“Reading about this Stanley’s epoch-changing journey seeded an idea in my mind that soon grew into an obsession. To shed my complacency about modern Africa and to try to understand it properly, it was clear what I had to do: I would go back to where it all began, following Stanley’s original journey through the Congo.”
Although the outline of Africa had been known since Portuguese first rounded the Cape in the 15th century its interior was unknown. European and Arab slavers had plundered the Congo River basin, but it was Stanley who opened up the interior. Setting off from Zanzibar in 1874 with three Europeans, 315 Zanzibareans and several dogs, Stanley mapped the course of the Congo River over the next three years. Of the group only he and 109 Zanzibareans survived. En route to take the islanders home, he stopped over in Simon’s Town for twenty days during which time he was given Freedom of the City and gave lectures in Stellenbosch. Hailed as a hero by some, he was greatly criticized for his “brutality and brazenness”, both here and back in the UK.
Stanley returned to England from his exhausting journey claiming that the river could be used to break into the hinterland. The Belgian king, Leopold ll “seeing past the reporter’s colourful account of cannibals, man-eating snakes and river rapids so ferocious they devoured men by the canoe-load…envisaged the Congo River as the main artery of a huge Belgian colony”, grabbed the land, and ”within two decades the entire continent had been effectively carved up by the white man”.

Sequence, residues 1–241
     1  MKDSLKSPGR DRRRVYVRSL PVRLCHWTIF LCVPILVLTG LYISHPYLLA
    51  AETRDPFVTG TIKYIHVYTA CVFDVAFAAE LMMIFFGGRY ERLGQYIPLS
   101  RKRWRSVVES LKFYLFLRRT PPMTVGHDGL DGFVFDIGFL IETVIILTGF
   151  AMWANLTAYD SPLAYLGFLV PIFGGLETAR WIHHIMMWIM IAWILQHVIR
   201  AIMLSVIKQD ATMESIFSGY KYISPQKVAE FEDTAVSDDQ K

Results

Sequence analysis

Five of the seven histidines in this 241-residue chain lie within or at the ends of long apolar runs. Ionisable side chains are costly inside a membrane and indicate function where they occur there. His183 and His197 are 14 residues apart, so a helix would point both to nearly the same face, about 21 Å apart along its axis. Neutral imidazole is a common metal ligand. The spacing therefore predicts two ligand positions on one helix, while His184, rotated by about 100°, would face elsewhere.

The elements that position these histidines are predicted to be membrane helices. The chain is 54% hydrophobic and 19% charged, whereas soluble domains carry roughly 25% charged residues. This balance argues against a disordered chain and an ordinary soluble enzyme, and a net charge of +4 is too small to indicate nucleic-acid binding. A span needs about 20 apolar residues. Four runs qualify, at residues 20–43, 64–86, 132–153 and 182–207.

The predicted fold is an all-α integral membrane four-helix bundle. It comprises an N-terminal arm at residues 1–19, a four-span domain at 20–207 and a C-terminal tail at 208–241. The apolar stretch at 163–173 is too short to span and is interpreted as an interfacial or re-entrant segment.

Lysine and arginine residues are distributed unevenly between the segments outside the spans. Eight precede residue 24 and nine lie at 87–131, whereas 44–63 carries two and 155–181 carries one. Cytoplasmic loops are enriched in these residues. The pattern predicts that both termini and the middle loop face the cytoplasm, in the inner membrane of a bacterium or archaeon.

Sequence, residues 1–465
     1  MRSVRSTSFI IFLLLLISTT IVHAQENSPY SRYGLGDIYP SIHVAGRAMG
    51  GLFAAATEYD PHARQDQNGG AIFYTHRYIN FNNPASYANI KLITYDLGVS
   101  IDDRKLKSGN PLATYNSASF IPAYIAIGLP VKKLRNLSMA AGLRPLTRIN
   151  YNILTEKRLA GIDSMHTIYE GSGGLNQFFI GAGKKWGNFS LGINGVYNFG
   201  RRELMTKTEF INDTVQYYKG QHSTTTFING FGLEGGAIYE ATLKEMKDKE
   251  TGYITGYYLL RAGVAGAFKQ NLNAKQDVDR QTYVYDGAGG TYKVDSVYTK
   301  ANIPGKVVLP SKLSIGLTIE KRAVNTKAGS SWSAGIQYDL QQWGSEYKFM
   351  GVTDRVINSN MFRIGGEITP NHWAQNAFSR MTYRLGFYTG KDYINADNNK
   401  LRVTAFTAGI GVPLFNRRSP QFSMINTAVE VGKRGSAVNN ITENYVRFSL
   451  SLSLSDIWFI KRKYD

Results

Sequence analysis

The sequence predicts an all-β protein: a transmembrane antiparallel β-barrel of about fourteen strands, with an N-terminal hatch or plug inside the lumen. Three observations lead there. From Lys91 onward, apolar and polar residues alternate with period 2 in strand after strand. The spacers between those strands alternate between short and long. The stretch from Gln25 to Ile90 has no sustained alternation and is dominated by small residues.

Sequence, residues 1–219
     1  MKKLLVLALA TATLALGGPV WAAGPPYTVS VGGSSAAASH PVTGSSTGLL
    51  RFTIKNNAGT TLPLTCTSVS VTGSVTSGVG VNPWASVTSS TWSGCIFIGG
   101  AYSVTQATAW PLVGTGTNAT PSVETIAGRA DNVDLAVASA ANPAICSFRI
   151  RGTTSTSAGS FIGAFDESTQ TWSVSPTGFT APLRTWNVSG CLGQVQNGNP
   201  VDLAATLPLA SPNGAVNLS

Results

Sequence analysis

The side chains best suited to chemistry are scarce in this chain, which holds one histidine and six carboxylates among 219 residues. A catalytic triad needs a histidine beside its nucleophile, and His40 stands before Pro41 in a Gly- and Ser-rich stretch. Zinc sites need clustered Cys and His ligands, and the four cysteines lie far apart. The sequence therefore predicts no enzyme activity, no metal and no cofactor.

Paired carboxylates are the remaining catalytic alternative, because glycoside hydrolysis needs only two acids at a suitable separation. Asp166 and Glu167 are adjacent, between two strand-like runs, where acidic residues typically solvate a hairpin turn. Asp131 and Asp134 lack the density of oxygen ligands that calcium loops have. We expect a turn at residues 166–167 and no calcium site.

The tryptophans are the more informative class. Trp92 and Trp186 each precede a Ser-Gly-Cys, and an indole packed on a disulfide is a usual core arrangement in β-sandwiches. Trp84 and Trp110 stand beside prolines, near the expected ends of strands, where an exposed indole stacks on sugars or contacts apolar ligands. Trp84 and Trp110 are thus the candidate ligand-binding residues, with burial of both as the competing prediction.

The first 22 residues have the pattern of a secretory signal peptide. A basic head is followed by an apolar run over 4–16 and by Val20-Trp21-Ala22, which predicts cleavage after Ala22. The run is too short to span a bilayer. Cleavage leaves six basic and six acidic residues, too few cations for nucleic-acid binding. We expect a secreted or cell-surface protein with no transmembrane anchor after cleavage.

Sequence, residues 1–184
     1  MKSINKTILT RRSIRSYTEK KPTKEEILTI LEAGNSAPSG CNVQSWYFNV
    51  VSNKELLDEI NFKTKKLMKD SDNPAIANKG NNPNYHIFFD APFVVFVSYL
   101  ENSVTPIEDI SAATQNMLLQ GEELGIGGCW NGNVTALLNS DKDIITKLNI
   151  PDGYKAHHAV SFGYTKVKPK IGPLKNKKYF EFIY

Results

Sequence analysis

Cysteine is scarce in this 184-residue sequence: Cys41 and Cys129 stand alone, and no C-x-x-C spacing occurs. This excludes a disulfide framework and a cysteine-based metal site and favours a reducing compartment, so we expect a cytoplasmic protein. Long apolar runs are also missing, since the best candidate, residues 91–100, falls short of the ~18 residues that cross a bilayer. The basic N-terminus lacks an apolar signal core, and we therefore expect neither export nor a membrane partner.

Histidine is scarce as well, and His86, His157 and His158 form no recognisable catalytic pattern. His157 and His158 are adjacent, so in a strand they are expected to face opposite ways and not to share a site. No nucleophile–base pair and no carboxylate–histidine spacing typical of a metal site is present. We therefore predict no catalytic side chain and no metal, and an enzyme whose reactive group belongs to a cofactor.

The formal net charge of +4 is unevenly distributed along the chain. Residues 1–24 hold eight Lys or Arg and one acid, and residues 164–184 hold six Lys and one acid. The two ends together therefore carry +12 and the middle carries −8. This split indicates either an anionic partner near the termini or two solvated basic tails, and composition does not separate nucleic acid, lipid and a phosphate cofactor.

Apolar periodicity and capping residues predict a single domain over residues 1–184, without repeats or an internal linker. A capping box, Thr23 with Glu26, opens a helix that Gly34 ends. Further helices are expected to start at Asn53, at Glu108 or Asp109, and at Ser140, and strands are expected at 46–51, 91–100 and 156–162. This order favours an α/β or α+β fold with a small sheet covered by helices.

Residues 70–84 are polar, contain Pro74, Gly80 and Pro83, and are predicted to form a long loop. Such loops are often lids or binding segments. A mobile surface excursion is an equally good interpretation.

After three years of plotting and planning, Tim Butcher set out on his epic journey in2004. Before reaching the banks of the Congo River, he had to traverse 500kms of land where terror stalked in the form of cannibals and rebels armed with poison arrows. On reaching the mighty river, a further 2500kms remained to be travelled before he would reach his goal. The going was tough.